Things to know
Expats and sex industry
Due to the presence of the U.S. base and consequent Freeport Zone, Angeles became home to a large colony of expatriates as many Americans chose to permanently settle in the area, particularly in the Balibago district. During the American colonial period (1898–1946), more than 800,000 Americans were born in the Philippines and a large concentration of Filipino mestizos or Filipinos with American ancestry were located in this city. It is said that aside from the high Amerasian population in the city, prostitution was another consequence of the U.S. bases' presence in the country. Since the early days of Clark Air Base, Fields Avenue in Balibago district is an area frequently visited by the U.S. servicemen, has been known as a center for prostitution and sex tourism. A BBC article characterized it as "the centre of the Philippines sex industry" and dubbed it "Sin City". Elsewhere and in later years, Philippine travel publications have described it as the "Entertainment Capital of Central Luzon" and "Entertainment City"
Safety in Angelas City
The tourist and entertainment areas are generally safe as it is filled with pedestrians and police around-the-clock. If you're male, you will likely get heavily solicited by street vendors pitching cigarettes and trike rides. However, they are usually nothing more than minor nuisances. They aren't persistent as long as you show disinterest. It’s the same with the begging population, which is small but visible.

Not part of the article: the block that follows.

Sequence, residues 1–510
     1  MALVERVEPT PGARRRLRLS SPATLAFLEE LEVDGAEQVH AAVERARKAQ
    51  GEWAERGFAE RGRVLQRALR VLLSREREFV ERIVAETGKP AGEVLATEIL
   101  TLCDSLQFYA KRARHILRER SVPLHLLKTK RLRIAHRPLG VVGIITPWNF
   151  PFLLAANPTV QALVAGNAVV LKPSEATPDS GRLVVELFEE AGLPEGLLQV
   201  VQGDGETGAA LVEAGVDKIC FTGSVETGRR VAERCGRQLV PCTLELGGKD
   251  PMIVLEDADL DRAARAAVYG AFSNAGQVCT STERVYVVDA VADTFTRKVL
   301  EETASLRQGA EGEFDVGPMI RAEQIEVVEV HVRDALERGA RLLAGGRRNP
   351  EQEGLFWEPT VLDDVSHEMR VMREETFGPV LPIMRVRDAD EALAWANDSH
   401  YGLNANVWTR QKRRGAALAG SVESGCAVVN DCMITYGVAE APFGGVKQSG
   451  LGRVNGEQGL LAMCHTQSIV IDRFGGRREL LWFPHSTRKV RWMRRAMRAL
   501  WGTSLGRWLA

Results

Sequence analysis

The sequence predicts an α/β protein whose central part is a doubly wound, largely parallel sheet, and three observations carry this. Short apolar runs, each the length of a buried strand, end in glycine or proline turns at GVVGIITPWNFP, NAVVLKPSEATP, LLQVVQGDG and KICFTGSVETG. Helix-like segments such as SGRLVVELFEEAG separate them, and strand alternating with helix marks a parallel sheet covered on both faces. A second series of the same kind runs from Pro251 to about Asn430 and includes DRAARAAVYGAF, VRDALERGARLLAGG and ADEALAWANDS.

However, venturing into the Clark Perimeter bar areas (around the ABC Hotel) after dark is not recommended or along Santos Street south of Wild Orchid Resort. The rule of thumb is, if it's not well-lit and populated at night, don't go there.
Furthermore, be extremely vigilant of street strangers pretending to know you. These scammers, often middle-aged male trike drivers, usually target solo tourists. With an extended hand, they would say something like "Hi, my friend, I met you at the hotel last night" or "Hey, remember me? I was your driver." Their initial goal is simply to get you talking and drawing down your guard. But their ultimate goal is to transport you to an illegal gambling den, brothel, or to set you up for theft or mugging. They will try to entice you by offering a free ride or to show you a new or secret bar. Ignoring random street strangers is essential advice. It's best not to confront them but to walk past saying "sorry, I'm late!" And definitely never go anywhere with them or show your wallet. Filipinos are known for their hospitality, but they're not that friendly to the point where they'd appear out of nowhere just to befriend you!
Lastly, do not engage with street prostitutes, some of whom are underaged or have criminal intent. There are countless stories of male patrons bringing a street prostitute to his hotel room only to be startled minutes later by police knocking on the door. The girl may claim rape and the police may demand a bribe to "settle" matters.
- The Philippines now has a high rate of new HIV cases.
- Social Hygiene Clinic. C Surla street Baibago. near Casino Filipino. Phone 63-45-3222979. (free STD and HIV testing and Treatment). Mon -Fri 10am-6pm